We’d been expecting a reshuffle for a while. Critics of the government were preparing to say that it as rearranging the deckchairs on the Titanic. But after yesterday, it seems that the government has lost the ability even to move the deckchairs.
I’ve been expecting the end of Theresa May’s government for some time, and have been wrong at each turn. It’s started to dawn on me that we’re not dealing with politics as usual. That’s not just on the great strategic party-political level, but on a much more human level.
The PM has been shown to be unable to move anyone. Not the disloyal; not the incapable; not the women and minorities that the Tories briefed that they wanted to put forward as the new face of government. The power to give or withdraw favour this is arguably the PM’s greatest asset, and clearly it has been lost.
Under normal circumstances, ambitious leadership contenders would close in for the kill, but since June we’ve learnt that no one has the stomach to wield the knife. The remain wing of the party fears handing control over to the leavers; and the leavers are worried about handing power over to the swivel-eyed lunatics. So instead nothing happens, and we have a government that increasingly lacks a prime minister.
What could you infer from a government without a proper PM. Well, from the perspective of those working in government, this is only going to be bad news. A chaotic situation, where ministers lack the fear of removal, is a recipe for months of rolling disaster. I can already think of some members of the cabinet who choose to carry out their negotiations with Treasury in public view, daring the chancellor to slap them down. There will be more of this, and from more corners.
But I find myself more intrigued by the implications for Brexit. This is not the reshuffle of a PM who can achieve anything remotely controversial – fox hunting, grammar schools, pensions reform, housing policy. The idea that she can deliver an unpopular Brexit, without a majority, and still fulfil all the promises that she made last year, seems like utter fantasy.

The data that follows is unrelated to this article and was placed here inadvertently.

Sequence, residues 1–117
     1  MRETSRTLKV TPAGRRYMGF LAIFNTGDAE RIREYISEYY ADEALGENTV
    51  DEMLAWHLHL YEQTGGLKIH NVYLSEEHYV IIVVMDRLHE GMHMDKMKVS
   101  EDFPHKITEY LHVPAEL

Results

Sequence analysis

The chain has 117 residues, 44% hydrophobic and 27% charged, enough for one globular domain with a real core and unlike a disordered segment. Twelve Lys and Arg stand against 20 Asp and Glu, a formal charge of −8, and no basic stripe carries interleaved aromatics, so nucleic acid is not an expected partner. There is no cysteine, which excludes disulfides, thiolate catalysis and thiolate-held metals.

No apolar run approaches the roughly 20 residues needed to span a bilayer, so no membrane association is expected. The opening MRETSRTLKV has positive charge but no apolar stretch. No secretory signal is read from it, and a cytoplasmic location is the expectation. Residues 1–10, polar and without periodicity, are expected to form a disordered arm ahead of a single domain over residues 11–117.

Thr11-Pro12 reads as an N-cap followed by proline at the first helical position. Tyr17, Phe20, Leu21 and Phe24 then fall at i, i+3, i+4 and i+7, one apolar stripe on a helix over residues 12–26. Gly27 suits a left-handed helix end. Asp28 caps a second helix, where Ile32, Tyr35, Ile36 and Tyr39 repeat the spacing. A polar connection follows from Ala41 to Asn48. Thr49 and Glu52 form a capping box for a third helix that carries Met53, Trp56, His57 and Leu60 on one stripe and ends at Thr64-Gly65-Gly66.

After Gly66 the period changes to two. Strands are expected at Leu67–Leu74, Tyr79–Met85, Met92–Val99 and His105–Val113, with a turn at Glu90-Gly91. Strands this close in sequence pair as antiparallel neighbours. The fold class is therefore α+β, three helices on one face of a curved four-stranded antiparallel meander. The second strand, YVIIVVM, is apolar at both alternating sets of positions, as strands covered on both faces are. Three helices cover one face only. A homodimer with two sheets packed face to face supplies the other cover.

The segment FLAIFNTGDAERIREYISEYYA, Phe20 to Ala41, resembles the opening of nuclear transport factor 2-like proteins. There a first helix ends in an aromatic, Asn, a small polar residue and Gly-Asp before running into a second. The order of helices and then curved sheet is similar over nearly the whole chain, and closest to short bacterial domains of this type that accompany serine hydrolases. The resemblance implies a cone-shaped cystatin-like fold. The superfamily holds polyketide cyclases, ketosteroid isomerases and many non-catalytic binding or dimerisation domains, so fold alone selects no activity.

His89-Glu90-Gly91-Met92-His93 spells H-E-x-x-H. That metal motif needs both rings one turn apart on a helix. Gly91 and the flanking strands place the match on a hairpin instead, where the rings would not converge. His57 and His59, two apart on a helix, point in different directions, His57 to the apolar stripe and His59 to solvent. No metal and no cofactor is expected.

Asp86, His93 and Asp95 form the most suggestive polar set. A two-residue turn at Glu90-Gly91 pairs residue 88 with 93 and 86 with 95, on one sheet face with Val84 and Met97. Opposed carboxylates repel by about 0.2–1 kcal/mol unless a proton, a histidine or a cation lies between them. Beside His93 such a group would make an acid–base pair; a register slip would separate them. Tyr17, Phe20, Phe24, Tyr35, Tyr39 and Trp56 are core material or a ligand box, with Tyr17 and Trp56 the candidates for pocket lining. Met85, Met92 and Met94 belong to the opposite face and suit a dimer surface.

I hadn’t expected this reshuffle to resolve the unanswered questions here, but it goes to show that the elephant is still firmly in the room. And, increasingly, nobody in government looks big enough to take on an elephant…
When I was a boy, and first getting my head around the idea of government, I learnt that the Prime Minister was in charge of the country. If they said something, we would have to do it.
At the age of six-ish, this was all that was needed to temporarily knock dinosaur hunter off the top of my list of career ambitions. But having spent years on the fringes of government, I’ve learnt that the underlying assumption is deeply untrue. The PM really doesn’t decide everything. And, after the past 72 hours, it seems fairly clear that the PM will now decide nothing.
Practically-minded civil servants won’t spend long grieving this. This isn’t for political reasons – but one of the least reported characteristics of government is its way of taking decisions. In the case of Theresa May’s government, that approach would best be likened to trying to get your passport stamped at a Soviet bloc customs post. Despite you thinking everything is in order, you have to wait an age while a surly apparatchik finds fault with you, before grudgingly waving you through, or possibly having you hauled off as a saboteur. This was not intended to win Whitehall’s respect, and didn’t.
Conversely, one of the unsung pleasures of the Coalition was the decision-making body known as the Quad – the two top Tories and two top Lib Dems – who were able to make decisions swiftly, effectively and on behalf of the whole of government.
Now, after the coup that dare not speak its name, we will have a new way of doing business – something that is judged to represent a consensus of the shadowy group that now runs the government. Whether it works any better will be anyone’s guess, but it will mean that Whitehall’s day-to-day operating model has to change once again.
With that done, government’s next question is what the hell to do about Brexit. If anything could have convinced six-year-old me that I didn’t want to be Prime Minister, the next 24 months would have been it.
Over the past day and a half, it has become clear just how badly government is caught by the Brexit trap.